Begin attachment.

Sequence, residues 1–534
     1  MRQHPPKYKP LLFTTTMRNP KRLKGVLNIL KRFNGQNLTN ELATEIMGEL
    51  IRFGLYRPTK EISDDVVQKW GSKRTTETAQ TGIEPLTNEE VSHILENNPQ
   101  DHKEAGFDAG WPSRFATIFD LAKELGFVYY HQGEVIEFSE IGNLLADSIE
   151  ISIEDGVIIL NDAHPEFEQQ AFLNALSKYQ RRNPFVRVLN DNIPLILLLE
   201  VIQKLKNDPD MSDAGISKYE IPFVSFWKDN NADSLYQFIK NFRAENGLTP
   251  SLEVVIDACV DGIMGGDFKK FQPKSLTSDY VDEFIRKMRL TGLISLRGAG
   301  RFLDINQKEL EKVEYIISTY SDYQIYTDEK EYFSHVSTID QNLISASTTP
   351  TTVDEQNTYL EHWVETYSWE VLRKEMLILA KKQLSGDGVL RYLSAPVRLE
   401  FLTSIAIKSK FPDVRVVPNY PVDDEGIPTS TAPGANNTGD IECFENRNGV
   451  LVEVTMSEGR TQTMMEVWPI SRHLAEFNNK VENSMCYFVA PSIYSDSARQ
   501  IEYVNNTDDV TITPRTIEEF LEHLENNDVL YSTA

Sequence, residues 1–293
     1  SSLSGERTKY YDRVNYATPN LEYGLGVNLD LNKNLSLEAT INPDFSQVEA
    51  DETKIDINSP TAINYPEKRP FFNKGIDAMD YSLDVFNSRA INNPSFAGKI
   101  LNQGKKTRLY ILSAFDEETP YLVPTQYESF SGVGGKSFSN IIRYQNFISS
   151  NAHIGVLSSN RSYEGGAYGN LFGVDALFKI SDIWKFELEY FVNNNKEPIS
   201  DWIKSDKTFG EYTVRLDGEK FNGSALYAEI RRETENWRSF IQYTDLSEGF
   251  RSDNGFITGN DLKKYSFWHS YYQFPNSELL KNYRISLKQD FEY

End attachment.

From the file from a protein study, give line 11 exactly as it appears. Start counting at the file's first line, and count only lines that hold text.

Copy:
   451  LVEVTMSEGR TQTMMEVWPI SRHLAEFNNK VENSMCYFVA PSIYSDSARQ